Sean Penn Goes "Into The Wild"

Actor Sean Penn presents the life achievement award onstage during the 35th AFI Life Achievement Award tribute to Al Pacino held at the Kodak Theatre on June 7, 2007 in Hollywood, California. Alberto E. Rodriguez/Getty for AFI

The story first came to national attention in the fall of 1992. The body of an unidentified young man had been found in an abandoned bus in the Alaskan wilderness. Apparently he had starved to death.

In Carthage, South Dakota, Wayne Westerberg heard the story on the radio, and thought he knew who it was —a boy who called himself Alexander Supertramp.

"He did work for me when he was here, then he would go off on these adventures and be gone for months on end," Westerberg told Early Show co-anchor Harry Smith. "And would write us and send postcards. We collected them and people in town knew him and always asked about him."

Alex turned out to be a young man named Chris McCandless, from an affluent Virginia suburb, who graduated with honors from Emory University in 1990, gave all his money to charity, and disappeared into the American countryside. His family never heard from him again.

McCandless took off on a lot of adventures. Carine McCandless always believed her brother would come back.

"I missed him horribly," she said. "And I thought about him every day. But I knew what he as doing, and that he was enjoying his life. And he was free."

Jon Krakauer's story of Chris McCandless' fatal odyssey was published in Outside Magazine in 1993. Letters poured in, some extolling the boy as a hero, many condemning him as brash, perhaps even suicidal, and certainly ill prepared to survive in the wild. By chance, the story of Chris McCandless caught the eye of Sean Penn.

"I saw this picture of the bus on the cover of this book called into the wild," he said. "And there was something about it that drew me to it."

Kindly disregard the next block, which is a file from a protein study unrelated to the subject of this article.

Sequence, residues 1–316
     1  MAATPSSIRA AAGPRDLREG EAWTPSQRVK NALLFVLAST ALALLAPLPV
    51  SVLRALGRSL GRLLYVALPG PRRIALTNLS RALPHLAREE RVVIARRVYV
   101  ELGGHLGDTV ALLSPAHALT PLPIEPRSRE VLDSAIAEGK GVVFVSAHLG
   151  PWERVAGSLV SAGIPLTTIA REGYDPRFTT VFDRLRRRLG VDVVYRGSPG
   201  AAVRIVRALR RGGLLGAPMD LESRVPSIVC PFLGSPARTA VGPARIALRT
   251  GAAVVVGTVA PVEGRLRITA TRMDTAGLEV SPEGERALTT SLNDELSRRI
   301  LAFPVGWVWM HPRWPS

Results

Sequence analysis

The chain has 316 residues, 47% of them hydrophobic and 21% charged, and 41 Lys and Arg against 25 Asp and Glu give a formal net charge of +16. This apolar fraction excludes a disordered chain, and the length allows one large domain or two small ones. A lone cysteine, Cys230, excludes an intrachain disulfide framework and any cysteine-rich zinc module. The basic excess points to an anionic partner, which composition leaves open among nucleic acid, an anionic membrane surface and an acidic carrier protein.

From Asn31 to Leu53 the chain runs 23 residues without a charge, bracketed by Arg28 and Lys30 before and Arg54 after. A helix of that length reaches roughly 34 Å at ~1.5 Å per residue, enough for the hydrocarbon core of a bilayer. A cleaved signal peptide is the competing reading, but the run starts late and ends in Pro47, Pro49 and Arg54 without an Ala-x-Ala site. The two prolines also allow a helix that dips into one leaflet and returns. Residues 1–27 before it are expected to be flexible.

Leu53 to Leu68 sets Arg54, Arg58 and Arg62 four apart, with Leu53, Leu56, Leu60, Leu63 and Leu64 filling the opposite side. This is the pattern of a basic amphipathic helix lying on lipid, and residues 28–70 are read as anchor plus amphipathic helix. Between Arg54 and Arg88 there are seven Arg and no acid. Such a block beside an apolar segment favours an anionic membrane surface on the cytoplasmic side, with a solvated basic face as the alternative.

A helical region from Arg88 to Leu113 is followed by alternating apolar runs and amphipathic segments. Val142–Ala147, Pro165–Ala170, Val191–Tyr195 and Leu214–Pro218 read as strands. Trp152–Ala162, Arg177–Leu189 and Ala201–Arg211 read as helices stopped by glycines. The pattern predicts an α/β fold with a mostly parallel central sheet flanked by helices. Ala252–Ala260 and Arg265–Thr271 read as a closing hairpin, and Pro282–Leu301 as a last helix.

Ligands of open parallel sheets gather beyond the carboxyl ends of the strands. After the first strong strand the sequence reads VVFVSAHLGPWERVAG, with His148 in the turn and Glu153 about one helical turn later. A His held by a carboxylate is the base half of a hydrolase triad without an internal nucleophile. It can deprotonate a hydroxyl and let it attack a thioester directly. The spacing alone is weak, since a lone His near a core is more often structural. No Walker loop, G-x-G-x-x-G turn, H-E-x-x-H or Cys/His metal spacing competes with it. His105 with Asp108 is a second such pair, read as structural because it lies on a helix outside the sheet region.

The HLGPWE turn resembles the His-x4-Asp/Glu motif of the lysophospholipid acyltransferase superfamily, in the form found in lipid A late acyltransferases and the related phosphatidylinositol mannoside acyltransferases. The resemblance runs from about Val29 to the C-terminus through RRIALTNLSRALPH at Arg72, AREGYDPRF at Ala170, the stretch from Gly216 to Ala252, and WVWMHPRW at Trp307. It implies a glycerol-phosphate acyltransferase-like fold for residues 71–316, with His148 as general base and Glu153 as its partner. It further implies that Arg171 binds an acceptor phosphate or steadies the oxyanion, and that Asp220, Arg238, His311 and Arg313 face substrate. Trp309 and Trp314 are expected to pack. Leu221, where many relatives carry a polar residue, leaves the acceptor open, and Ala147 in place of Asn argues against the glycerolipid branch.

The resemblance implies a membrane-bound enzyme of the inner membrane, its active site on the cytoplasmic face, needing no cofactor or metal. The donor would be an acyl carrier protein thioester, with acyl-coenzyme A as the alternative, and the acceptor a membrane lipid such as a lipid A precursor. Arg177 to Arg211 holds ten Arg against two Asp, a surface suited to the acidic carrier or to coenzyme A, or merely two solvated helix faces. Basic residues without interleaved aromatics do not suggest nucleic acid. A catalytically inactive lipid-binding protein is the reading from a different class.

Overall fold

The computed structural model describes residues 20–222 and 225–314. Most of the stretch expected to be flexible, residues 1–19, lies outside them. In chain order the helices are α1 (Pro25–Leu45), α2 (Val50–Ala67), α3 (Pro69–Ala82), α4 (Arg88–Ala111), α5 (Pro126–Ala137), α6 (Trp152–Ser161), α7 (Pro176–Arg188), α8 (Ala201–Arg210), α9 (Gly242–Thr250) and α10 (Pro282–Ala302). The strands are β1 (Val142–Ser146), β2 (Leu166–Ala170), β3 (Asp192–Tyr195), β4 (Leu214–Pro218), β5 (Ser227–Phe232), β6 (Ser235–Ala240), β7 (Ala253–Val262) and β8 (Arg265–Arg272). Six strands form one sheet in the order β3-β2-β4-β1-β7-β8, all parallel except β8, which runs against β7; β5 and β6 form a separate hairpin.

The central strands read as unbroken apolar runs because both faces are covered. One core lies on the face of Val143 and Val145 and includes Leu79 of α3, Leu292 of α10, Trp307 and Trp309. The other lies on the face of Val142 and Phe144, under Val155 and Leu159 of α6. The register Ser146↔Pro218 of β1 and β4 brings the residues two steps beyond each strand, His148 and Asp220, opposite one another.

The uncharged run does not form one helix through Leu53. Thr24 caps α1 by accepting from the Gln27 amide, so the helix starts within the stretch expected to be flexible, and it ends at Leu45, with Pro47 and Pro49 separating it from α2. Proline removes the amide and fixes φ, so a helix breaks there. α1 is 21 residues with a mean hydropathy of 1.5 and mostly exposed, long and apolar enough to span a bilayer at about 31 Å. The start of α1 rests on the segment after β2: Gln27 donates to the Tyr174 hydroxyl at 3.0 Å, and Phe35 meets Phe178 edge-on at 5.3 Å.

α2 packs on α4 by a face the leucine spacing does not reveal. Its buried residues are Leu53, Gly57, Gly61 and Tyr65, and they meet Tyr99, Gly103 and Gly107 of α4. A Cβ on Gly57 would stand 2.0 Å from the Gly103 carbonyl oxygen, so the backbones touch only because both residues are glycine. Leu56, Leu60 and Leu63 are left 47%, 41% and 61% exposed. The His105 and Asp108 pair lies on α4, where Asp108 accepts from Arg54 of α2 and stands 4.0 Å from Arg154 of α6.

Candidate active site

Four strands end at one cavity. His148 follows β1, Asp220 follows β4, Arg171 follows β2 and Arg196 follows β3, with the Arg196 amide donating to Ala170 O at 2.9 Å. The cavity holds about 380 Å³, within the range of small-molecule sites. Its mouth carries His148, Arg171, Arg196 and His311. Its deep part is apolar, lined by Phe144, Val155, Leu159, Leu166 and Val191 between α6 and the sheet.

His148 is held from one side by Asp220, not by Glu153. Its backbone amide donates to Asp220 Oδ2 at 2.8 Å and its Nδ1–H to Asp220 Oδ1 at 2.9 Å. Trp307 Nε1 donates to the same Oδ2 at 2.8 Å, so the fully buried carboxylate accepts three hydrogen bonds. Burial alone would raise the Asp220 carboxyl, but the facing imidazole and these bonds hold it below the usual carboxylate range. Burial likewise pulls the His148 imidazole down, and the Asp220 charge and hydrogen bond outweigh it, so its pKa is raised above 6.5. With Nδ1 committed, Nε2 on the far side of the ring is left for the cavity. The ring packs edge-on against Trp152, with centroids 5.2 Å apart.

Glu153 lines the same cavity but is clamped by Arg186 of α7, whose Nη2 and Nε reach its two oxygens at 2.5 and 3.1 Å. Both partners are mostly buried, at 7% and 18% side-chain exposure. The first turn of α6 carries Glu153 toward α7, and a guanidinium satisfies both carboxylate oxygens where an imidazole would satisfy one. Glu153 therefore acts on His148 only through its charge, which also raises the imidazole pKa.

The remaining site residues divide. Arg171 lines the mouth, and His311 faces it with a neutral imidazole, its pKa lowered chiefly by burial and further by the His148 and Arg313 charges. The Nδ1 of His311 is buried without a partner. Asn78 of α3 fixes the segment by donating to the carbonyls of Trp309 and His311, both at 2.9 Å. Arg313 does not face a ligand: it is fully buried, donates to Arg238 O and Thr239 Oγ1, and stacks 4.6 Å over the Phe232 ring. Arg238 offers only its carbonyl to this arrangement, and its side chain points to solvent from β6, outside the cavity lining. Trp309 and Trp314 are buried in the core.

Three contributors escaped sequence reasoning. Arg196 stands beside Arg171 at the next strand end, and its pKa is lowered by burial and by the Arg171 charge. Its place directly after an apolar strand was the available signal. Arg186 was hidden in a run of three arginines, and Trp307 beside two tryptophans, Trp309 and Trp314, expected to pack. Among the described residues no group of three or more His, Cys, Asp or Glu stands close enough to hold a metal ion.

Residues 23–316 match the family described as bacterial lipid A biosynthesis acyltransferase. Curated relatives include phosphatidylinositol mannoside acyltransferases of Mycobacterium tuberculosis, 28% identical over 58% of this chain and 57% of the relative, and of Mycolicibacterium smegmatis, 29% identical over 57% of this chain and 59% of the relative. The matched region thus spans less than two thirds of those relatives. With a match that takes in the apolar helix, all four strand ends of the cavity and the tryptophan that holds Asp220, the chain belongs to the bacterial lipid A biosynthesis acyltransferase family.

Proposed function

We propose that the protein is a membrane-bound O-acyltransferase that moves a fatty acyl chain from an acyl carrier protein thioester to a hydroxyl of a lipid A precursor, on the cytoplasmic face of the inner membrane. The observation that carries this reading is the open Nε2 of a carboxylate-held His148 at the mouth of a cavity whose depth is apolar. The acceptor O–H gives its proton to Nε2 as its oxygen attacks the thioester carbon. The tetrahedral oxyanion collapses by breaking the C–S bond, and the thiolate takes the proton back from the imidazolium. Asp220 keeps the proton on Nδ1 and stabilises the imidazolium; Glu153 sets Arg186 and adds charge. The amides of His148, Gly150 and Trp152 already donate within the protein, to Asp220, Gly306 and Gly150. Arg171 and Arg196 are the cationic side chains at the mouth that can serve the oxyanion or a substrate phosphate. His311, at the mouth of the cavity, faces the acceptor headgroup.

Controversial, extreme and passionate — Sean Penn knew immediately he wanted to make a movie.

"The mother, Billie called me and said she had a dream. Chris had said, don't make a movie about me," Penn said. "I told her if i didn't respect dreams, I wouldn't make movies. And so ten years went by. And I got a call out of the blue saying, we're ready to see a movie made."

The movie, "Into the Wild," written and directed, and even photographed, in part, by Sean Penn, opens Friday. Penn says he saw a little bit of himself in McCandless.

Photos: Sean Penn
"I think that I understood," he said. "I grew up as a surfer and in that testing of oneself that you do in the ocean, it makes very familiar what it was that Chris McCandless felt he had to do, and why."

McCandless set out on his own across the country, without a car, or money, or family connections. He was on a quest to find the person within. A journey Penn and his crew traced almost religiously.

Emile Hirsch plays Chris McCandless.

"I was literally like praying, please send me an adventure. And all of a sudden, you know, Sean Penn comes knocking on your door," he said. "And let me tell you, he wasn't bringing flowers. He was bringing a grizzly bear."

Part of the McCandless' journey involved a dangerous trip in a small boat down the Colorado river. Hirsch had never kayaked before, but, for Penn, there was no question of using a stunt man.

"He goes, 'if I do it first, will you do it, and I go, ok,' Hirsch said."And he goes, just goes straight into this massive rapid. And he almost makes it the whole way, so then I go, 'Well, now I gotta.'"

The scenes set in the Cabaret bar in Carthage, South Dakota were shot in the real place. Vince Vaughn plays Wayne Westerberg, the guy who hired the kid who called himself Alex.

Chris McCandless spent almost four months in the Alaskan wilderness, recording his triumphs and defeats in his journal. Also recorded is his attempt to return to civilization, blocked by a rushing river. In the end the wilderness prevailed. The bus where he died has become a kind of shrine undisturbed for 15 years.

"I've never heard the criticism from somebody else who as in the Alaskan backwoods by themselves for 113 days," Penn said. "That's a difficult life for 113 days. You're basically waking and sleeping to survive all the time alone."

Wayne Westerberg thinks, but for bad luck, Chris McCandless would be telling his own story today.

"He thought that he knew enough to do this, but it did get out of control," he said. "Like the crash of an airplane, it's never just one thing that makes it crash. It's two our things in a row that start to happen. And the end result is a wreck."

For Sean Penn, the odyssey of Chris McCandless mirrors his own personal journey.

"Facing things we can learn about ourselves is difficult in the most comfortable of circumstances," he said. "But to face the most dynamic lesson about yourself in the face of death knowing that just as you grasp it, you're going to lose it all, is a very brave thing. And that, i think is the triumph of Chris McCandless."
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